And the more stress you can reduce from the environment, the better. This is why daily meditation can help accelerate healing – it’s about calming that stress response.
How can age-related cognitive decline be prevented?
NATHAN: The number one cause of cognitive decline in ageing is isolation. So you can help prevent it with interaction. Think of the older person whose family has grown and moved away … they might go for days without actually speaking to anybody. That lack of interaction means you’re not releasing all the peptides and endorphins you get when simply chatting with someone. Your brain needs the stimulation – the electrical activity – provided by interaction to stay healthy. Even just having a pet makes a huge difference.
Another thing that’s important for keeping your mind active is movement (physical exercise). Yoga’s brilliant for anti-ageing because it engages both body and mind. And coffee helps! Caffeine can inhibit the creation of myelin when you’re learning and growing, but likewise, it can also prevent the decline of that myelin along the neural pathways as you age. So the recommendation is to have at least three cups of coffee a day for people over 65 – because it has a huge impact on reducing cognitive decline. Coffee drinkers have something like an 80% reduced chance of developing dementia!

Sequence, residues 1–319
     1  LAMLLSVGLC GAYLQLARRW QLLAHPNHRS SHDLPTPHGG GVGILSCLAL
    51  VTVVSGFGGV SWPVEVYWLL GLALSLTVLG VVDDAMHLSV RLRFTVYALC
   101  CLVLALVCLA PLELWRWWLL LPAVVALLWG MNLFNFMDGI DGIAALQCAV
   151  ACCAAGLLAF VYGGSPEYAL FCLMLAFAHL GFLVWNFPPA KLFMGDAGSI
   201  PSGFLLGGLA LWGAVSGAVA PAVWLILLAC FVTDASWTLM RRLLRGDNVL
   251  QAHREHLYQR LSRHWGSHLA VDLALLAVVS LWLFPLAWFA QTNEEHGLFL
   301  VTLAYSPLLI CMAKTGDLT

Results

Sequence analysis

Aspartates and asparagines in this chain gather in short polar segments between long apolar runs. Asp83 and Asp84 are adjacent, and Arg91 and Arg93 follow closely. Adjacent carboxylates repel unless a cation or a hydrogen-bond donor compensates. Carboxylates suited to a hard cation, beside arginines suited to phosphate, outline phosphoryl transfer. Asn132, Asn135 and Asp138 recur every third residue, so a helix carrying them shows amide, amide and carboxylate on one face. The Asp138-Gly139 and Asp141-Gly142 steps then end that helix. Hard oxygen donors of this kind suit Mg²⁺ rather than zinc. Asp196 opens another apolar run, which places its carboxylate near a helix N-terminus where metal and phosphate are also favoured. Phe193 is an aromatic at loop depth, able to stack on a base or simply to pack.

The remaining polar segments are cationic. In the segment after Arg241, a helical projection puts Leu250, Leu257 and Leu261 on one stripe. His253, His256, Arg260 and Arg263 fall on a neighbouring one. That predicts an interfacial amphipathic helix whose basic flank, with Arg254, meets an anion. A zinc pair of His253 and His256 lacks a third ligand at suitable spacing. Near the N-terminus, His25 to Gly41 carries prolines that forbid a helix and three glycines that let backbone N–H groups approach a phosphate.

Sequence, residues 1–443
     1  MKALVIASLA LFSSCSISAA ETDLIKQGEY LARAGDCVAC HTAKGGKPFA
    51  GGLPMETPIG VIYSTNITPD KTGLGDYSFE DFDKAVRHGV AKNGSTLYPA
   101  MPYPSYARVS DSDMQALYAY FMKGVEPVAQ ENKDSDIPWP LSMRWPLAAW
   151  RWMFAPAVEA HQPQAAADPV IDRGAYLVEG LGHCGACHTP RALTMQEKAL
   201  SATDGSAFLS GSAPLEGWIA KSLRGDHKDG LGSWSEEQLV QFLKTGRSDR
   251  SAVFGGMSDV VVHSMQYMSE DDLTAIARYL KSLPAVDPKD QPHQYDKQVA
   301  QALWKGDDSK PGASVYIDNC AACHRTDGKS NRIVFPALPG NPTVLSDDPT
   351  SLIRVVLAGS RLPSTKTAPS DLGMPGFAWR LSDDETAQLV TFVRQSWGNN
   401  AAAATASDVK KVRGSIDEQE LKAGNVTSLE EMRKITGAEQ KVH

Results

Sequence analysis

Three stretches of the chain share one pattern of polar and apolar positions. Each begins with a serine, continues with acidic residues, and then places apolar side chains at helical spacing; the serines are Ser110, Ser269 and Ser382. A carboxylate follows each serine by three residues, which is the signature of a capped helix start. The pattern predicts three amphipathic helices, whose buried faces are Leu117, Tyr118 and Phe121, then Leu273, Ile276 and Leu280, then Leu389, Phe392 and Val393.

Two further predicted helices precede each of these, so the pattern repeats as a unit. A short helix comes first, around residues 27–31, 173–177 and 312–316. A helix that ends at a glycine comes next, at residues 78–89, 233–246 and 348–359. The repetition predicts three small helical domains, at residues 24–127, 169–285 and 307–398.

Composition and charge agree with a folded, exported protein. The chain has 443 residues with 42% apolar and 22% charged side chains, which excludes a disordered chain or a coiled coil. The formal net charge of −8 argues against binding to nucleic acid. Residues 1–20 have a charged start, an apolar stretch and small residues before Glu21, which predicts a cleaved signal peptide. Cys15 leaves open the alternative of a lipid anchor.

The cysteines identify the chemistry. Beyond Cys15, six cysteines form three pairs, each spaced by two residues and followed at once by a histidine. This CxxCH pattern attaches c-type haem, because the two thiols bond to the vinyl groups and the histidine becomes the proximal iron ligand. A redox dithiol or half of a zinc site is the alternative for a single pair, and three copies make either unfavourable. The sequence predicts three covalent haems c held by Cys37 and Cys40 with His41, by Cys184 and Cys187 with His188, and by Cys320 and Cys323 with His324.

The other thing that slows cognitive decline is exercising your brain. A neuroscientist friend has a significant family history of cognitive decline kicking in at about age 70. So she planned to start learning an instrument when she turned 60. She already had strengths with languages (so she’d already developed plenty of those neural pathways) – but she didn’t have any musical experience. This meant that learning an instrument would be a bigger and better challenge for her brain. She stuck with it, and she played for us at her retirement party five years later. By going through that process, she’s ensured that her brain’s much ‘younger’ and more agile – she’s significantly reduced her chances of developing cognitive decline.
So, learn something new – and learn something that’s not comfortable for you to learn. If you’re already musical and know a bunch of languages – take an accountancy course. Do something you wouldn’t normally do.
The interesting thing about cognitive decline is that most people don’t die of brain issues … the vast majority die of heart issues. Biologically speaking, the brain is still in its infancy when we’re reaching the end of our lifespan – it doesn’t get old and die like just about every one of our other organs. The tissues around the heart look like they’re designed to last about 100 years, but if you didn’t know the human lifespan and you looked at the brain, it’d look like it was designed to last about 900 years!
So the brain doesn’t age in the same way as our other organs, but of course, there are genetic, environmental, and lifestyle factors that all contribute to the decline of its function.
NATHAN WALLIS HAS DEVELOPED A REPUTATION AS A LIVELY AND ENGAGING SPEAKER. HIS HUMOUR AND PLAIN LANGUAGE MAKE THE COMPLEX TOPIC OF NEUROSCIENCE BURST INTO LIFE! FIND HIM ON FACEBOOK AND LOOK FOR AN EVENT NEAR YOU …